March 16, 2021 by Carol Britton Meyer
On Monday (March 15) -- the same day non-remote Hingham Public Schools elementary students returned to full in-person learning five days a week -- Supt. of Schools Paul Austin presented a proposal for phased-in approaches to returning non-remote Grades 6 through 8 and also grades 9 through 12 students to full in-person learning. This would result in the discontinuation of the hybrid learning model (a combination of remote and in-person instruction).
Implementation of the plan -- including the working conditions impacted by these proposals -- is contingent on ratification of an agreement by the Hingham Education Association through collective bargaining negotiations.
"We are currently meeting weekly with the HEA," Austin said.
He explained why a phased-in approach is recommended. "The district wanted to move to five days per week as quickly as possible, but there are many details that still need to be worked out," he said. "Starting five days per week on the current schedule will allow us the time needed to work out issues with space, schedules, and providing lunch that will hopefully ensure a smooth transition to full days after April vacation," subject to HEA approval.
"Our students and staff need time to adjust to the 'new normal,'" Austin said. "School will not be just like it was prior to the pandemic for the foreseeable future, and we must all adjust."
As previously agreed upon, on March 17, Hingham Middle School students will attend classes on alternating Wednesdays for four-hour days (7:30 to 11:30 a.m.) of in-person learning based upon cohort assignment.
"Blocks A through E will meet in-person, and most students will be dismissed at 11:30 a.m. to return home to participate in their elective classes remotely," Austin explained.
The proposal also calls for all non-remote HMS students to attend school five days per week, for 4-1/2 hours (7:30 – 11:55 a.m.) starting March 29. Blocks A through E would increase from 40 to 47 minutes each.
Most students would be dismissed at 11:55 a.m. to return home to participate in their elective classes remotely during the afternoon as they do now.
"From this date forward, the district [would] ensure at least three feet of physical distancing for all HMS students," Austin said.
Under the current proposal, on April 26, all HMS students would attend school five full days in-person, from 7:30 a.m. to 2 p.m., including lunch.
"Blocks A – G will meet in-person, but some elective classes may need to be limited due to enrollment, which may result in individual schedule changes," Austin said.
Hingham High School proposal
On April 5, all non-remote HHS students would attend school five days per week on the current schedule (8 a.m. – 12:05 p.m.) "From this date forward, the district [would] ensure at least three feet of physical distancing for all students," Austin said -- the same as at HMS.
On April 26, all HHS students would attend school five full days in-person, and lunch would be served. The school day would run from 8 a.m. – 2:30 p.m.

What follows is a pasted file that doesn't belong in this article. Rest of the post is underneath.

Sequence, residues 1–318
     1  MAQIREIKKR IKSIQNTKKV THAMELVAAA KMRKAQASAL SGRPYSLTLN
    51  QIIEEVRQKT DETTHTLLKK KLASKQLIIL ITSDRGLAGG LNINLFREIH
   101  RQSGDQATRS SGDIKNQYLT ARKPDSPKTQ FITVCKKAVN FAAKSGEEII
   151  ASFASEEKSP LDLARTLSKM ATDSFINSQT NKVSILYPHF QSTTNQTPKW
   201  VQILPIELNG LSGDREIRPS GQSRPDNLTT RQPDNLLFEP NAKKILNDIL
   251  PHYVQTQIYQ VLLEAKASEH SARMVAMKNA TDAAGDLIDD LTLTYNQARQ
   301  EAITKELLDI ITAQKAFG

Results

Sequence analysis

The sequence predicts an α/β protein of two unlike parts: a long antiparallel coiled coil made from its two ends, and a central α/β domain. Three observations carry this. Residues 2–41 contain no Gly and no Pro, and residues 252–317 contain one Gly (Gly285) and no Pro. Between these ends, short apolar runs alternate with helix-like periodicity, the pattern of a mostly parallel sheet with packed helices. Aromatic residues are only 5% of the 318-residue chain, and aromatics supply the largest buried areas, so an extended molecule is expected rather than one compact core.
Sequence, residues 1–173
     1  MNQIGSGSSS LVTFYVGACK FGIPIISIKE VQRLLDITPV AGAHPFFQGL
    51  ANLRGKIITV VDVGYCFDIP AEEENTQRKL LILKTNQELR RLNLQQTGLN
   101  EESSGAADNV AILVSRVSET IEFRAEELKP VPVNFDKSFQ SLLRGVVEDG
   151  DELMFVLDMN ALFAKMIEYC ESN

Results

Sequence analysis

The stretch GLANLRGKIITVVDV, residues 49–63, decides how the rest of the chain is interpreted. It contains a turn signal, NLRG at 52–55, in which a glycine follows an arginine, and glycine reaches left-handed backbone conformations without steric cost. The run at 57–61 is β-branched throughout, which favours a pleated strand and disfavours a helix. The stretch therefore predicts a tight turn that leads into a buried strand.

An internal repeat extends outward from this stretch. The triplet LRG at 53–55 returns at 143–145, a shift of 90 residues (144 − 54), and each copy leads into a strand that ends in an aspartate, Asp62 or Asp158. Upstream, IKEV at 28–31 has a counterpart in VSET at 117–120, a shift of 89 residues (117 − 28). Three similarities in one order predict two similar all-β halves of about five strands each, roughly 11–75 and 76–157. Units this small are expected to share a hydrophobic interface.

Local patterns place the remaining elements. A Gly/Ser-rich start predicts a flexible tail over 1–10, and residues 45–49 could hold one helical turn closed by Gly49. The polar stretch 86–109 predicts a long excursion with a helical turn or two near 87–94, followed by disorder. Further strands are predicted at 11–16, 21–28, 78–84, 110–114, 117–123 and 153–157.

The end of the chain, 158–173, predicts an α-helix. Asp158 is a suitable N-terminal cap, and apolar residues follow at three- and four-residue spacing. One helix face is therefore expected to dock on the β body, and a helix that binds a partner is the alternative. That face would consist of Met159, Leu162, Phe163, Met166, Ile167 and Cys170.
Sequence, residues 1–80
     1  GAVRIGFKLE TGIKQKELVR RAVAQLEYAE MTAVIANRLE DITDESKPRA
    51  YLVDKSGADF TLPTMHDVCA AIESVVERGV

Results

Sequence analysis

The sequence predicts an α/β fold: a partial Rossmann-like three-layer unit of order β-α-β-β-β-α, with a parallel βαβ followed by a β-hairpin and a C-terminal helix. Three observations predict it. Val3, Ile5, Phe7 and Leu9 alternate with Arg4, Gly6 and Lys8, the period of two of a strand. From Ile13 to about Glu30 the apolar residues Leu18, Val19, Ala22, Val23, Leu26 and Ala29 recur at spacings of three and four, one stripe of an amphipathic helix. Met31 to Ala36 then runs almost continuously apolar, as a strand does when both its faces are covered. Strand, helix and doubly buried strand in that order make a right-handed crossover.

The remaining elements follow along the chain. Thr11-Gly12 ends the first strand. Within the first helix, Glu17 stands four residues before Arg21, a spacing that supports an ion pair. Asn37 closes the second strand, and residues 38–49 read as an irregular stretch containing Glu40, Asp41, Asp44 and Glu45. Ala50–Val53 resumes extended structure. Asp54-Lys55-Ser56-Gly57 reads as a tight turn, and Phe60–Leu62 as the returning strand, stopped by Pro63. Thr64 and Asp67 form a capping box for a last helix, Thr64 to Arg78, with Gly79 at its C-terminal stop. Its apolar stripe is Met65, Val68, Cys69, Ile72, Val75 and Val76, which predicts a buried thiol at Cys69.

Overflow locations for students to livestream into their classes may be needed for classrooms that can't accommodate all students with 3-foot spacing, according to Austin.
Lunchtime, Austin said, would be a "very complex problem" and "a major hurdle to address," with all students spaced at least six feet apart and facing in the same direction.
"Lunch will not be the same social experience our students are accustomed to. With 900-plus students at HMS and over 1,200 at HHS, this is perhaps our greatest challenge," Austin said. "We have ordered 40- by 100-foot tents for both the Middle School and High School that will each hold more than 100 students, but this will not completely solve the issue."
Providing unmasked lunches and increased mask breaks (all at six-plus feet of physical distancing) could increase the transmission of COVID-19 in the HPS, according to Austin.
Strict adherence to all safety protocols (including wearing face masks, hand washing, and physical spacing) would continue to be required to minimize COVID-19 risks in the school community.
The district will ensure that educators maintain at least six feet of physical distancing from students at both the HMS and HHS.
Additional nursing staff may be needed
Because part of the proposal calls for three feet or more of physical distancing rather than six, additional nursing staff may be needed to account for expected increases in contact tracing in accordance with state requirements -- which involves notifying those who have come into contact with individuals who have tested positive.
"Reducing physical distancing from six feet to three-to-six feet will increase the potential number of children and staff subject to quarantine, entire class quarantine, or perhaps whole school quarantine (which would require a pivoting to remote learning)," Austin said. "Doing so also increases the risk of transmission in school. This [scenario] will need to be monitored carefully via pool testing and contact tracing."